Subscribe to our newsletter
Picture of Globalization and the Posthuman

Globalization and the Posthuman

Author(s): William S. Haney II
Contributors: William S. Haney II;

Book Description

Globalization and the Posthuman argues that by globalizing posthumanism through biotechnology, particularly through the invasive interface of humans and machines, we may well interfere with and even undermine the innate quality of human psycho-physiology and the experience of the internal observer, the non-socially constructed self or pure consciousness. Furthermore, many features of globalization in-and-of itself—such as the fall of public man, the exterritorialization of capital, the loss of an impersonal public world to localized communities based on emotively shared interests—combined with the posthuman expansion of biotechnology will diminish our natural capacity to experience the self as knower and lead to an increase in global crime, sickness, accident rates and overall lack of harmony.
The experience of the self comprises the unsayable secret of modern and postmodern literature and art, a secret that may soon become inaccessible if the world continues down the road of globalized infomania. The analysis of the consequences of globalization and the posthuman in this book is unique in that it will be the first to examine the interrelation between globalization, posthumanism and pure consciousness. Posthumanists define consciousness in a way that promotes the globalization of biotechnology without regard for its potential risks.
This book explores the implications of the globalization of the posthuman model of consciousness. On the one hand, cognitive scientists tend to equate consciousness with subjectivity, which they associate with the thinking mind as an extension of the body, nature and culture; Eastern philosophy, on the other hand, distinguishes mind from consciousness, with mind defined as the content of consciousness. Bionic technology will have the effect of raising human metabolism and preventing the mind from settling down to the state of least excitation of consciousness. This book suggests that while conscious content is an indispensable aspect of both the human and posthuman condition, the thoughts, memories, feelings and perceptions of this content do not encompass a vital aspect of human nature attested to not only by the first-person experience of many millions of people around the world, but also by the records of both classical and modern contemplative traditions.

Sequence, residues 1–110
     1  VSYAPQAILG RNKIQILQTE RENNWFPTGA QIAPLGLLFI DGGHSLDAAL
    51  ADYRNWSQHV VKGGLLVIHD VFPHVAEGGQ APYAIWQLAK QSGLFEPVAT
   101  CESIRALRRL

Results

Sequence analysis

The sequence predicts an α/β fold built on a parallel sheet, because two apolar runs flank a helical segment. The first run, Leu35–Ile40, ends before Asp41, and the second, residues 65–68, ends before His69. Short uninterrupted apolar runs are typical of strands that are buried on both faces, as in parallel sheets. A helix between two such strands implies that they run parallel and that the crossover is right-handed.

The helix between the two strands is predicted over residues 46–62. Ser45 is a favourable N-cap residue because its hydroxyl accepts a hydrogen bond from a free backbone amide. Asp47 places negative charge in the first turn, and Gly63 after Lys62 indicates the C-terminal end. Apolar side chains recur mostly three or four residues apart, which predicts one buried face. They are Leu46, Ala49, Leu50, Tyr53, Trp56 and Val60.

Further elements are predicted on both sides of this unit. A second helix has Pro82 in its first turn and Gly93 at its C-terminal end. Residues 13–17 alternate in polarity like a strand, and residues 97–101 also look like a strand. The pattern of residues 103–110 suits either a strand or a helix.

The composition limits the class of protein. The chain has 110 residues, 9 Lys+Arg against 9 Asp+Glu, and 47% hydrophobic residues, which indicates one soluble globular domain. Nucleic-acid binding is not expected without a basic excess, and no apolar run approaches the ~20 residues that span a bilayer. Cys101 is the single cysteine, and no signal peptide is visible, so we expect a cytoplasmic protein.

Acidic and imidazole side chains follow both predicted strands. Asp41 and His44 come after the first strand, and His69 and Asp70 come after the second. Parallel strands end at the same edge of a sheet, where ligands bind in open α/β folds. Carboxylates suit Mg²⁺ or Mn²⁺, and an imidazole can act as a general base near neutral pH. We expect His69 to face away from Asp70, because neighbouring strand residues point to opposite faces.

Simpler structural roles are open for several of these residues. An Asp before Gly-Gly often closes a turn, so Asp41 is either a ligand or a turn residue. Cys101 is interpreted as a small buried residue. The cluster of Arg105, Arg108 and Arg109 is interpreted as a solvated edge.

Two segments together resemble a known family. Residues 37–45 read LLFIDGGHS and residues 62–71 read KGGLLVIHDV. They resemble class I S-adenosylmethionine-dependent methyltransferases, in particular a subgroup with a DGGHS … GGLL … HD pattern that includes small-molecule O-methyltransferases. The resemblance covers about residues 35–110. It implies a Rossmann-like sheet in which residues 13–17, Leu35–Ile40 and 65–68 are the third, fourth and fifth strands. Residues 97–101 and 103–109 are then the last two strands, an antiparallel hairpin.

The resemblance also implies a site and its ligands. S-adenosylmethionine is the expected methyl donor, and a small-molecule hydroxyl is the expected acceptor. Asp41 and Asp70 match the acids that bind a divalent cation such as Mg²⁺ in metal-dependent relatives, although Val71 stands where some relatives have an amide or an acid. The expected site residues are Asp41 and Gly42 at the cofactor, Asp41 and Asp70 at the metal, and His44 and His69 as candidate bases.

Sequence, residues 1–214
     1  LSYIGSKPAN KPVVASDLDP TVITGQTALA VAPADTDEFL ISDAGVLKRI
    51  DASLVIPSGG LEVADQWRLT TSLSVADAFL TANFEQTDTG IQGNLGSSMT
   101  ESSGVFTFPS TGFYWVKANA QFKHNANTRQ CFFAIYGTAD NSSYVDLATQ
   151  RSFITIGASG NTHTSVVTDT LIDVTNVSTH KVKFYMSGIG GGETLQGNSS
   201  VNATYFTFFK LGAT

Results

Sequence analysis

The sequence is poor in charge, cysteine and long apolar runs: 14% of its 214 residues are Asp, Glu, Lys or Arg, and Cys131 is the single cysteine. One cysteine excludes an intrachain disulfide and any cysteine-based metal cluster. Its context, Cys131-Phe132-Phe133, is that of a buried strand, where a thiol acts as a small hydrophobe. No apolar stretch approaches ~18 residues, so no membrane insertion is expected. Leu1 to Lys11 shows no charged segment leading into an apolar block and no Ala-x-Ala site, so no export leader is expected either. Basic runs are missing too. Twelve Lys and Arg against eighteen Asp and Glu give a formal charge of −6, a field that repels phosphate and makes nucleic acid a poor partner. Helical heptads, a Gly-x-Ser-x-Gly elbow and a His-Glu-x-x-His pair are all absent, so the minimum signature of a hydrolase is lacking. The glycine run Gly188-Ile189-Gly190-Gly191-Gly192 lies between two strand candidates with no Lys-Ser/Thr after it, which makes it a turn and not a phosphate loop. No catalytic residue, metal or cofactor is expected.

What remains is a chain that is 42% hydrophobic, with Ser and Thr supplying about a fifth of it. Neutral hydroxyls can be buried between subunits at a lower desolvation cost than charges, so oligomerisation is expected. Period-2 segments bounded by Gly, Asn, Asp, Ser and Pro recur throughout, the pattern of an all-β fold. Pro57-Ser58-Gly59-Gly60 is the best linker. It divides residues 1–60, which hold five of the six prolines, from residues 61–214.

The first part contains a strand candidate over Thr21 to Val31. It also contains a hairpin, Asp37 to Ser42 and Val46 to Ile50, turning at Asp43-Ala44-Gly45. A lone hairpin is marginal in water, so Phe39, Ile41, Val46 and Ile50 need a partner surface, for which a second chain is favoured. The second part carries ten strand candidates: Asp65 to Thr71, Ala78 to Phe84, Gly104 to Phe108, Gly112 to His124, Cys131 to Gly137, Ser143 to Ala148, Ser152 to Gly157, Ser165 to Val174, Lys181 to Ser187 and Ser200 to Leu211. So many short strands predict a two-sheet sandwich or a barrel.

ISBN-13: 978-1-4438-0541-4
ISBN-10: 1-4438-0541-6
Date of Publication: 01/05/2009
Pages / Size: 173 / A5
Price: £34.99


Dr. William S. Haney II is Professor of American and British Literature and Literary Theory at the American University of Sharjah in the United Arab Emirates. His research interests include the analysis of contemporary literature from a Consciousness Studies perspective. One of his recent (15) books is Cyberculture, Cyborgs and Science Fiction (Rodopi, 2006).